3 idiots & i-become

3-diots I read Chetan Bhagat’s novel, enjoyed it … but sadly the book lacked a certain message. It’s either that or it’s been 3 years and I dont remember the book very well. 3 idiots is a stark contrast.

The basic plot is the same, but once you go in the details, both the stories are distinctly different.

One of the central themes of the movie is about following one’s passion. To aim for excellence and not for ability. The scene where Aamir Khan talks about being well educated and not well trained is a must see. I can really identify with that, since its very much related to a vision that I am currently working on.

This is i-become.

i-become is about realizing your career not as a place just to earn money, but as a place for following one’s passion by utilizing one’s full potential. The way Madhavan decides to follow his passion for Wildlife photography, so should each one of us aim for our aspirations. Without a purpose, a goal, an aspiration … life is nothing but a empty shell.

What do you think?

11 thoughts on “3 idiots & i-become”

  1. Yep, you are right. But, i think this happens only in movies.. Very few people think of changing their career after doing a 4 year engineering course.. Those who do change, are mocked by people around them.

    1. Fair point Vips, I am one of them as well :-)

      Awareness is the first step towards action. And that awareness is perfectly addressed with movies like 3 idiots.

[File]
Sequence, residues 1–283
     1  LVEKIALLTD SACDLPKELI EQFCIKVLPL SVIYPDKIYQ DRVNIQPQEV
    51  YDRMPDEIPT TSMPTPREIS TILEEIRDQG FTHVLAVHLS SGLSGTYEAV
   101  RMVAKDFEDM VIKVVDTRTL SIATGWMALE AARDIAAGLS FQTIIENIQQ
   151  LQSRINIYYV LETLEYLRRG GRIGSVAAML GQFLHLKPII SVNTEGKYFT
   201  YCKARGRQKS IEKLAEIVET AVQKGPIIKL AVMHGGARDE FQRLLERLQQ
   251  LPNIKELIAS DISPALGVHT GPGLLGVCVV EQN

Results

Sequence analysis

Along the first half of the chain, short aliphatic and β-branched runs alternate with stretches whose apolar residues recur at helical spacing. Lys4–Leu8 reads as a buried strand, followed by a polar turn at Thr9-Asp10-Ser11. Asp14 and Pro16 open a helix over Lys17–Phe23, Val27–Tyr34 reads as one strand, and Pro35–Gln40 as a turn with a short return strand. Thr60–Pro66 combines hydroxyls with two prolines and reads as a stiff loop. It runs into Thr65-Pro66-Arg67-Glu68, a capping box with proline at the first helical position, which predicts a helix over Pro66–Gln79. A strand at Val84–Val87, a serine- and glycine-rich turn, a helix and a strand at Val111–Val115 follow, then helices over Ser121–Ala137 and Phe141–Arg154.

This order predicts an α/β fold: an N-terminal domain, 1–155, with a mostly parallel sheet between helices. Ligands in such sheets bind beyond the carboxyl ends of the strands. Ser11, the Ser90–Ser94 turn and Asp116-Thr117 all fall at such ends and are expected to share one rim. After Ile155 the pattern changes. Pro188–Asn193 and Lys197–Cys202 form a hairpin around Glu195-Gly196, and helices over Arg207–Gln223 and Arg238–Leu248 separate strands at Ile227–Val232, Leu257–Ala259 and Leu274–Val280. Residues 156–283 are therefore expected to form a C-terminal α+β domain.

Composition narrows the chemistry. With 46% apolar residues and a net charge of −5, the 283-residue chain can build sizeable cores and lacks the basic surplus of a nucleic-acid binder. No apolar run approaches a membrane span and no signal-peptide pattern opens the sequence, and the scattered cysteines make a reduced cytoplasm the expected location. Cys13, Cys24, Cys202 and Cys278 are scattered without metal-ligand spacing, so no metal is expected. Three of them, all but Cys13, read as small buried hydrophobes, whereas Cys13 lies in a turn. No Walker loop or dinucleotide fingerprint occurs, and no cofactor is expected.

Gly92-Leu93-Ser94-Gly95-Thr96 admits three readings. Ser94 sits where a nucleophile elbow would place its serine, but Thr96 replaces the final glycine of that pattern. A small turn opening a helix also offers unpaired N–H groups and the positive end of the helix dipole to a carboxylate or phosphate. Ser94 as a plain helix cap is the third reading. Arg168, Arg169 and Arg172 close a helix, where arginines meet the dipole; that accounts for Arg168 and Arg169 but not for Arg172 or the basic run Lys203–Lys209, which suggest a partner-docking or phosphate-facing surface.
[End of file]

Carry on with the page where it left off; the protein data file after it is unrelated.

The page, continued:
2. Gaurav, I agree :)
    Although it would be hypocrisy if I dont say at this moment that I myself studied to pass and nothing else … very few subjects in my academic life have I studied to learn :-D

    And that attitude finally had to change in my PGDM when there were subjects so utterly out of my interests that I did not bother spending much time on them, thus giving me much more time to pursue my interests :)

  3. Prasad, I absolutely agree. Since childhood, we are taught to be right at every point of time and we get awarded to be right. It takes us so away from being wrong at times that being wrong is considered as failure and failure is something we all want to avoid.

    Education comes in many forms. But we think of education as something that we get only in schools/colleges.

    Kudos to i-become!

  4. @Biggie – I think you have pointed out a grave failure of our mental mindset. Education is something that is to be seeked within the 4 walls of a school – and nowhere else … people are trying to change this thought, in fact there is a school which has taken the trouble of removing classes and using outdoor experential learning as the default pedagogy :-)

  5. I think in the process of standardising everything, we ended up standardising the education as well. When I decided to take up graduation and further studies, I was not asked ‘What do you want to become in life?’ I was asked, ‘Doctor or Engineer? Or why not Architect? work with your father.’

    S***, duh! I HATE being stereotyped. I consult start ups and SMEs and I’m being asked if I’m an IIT or IIM or JBIMS or XXX pass out. Why? only IIM grads high flying MBAs get good ideas? I tell them, ‘What will you say if I tell you that I have actually never gone to college? If you think I talk sense, implement my ideas. Why bother to trouble my roots?’ The truth is, I’m a MITSOM pass out. Despite getting a percentile of 98.3, I could not get into JBIMS. I’m a victim of the god damn quota system.

    In any case, I never thought the MBA degree awarded by PU added any value to my knowledge.

  6. @Mayur – The first question is a good one, but what follows is really bad. Even I would want to ask this question … What do you want to become?
    But then I generally question the premises of that individual.

    @Sandeep – Yes. When you enjoy what you work, then work does not feel like work anymore.

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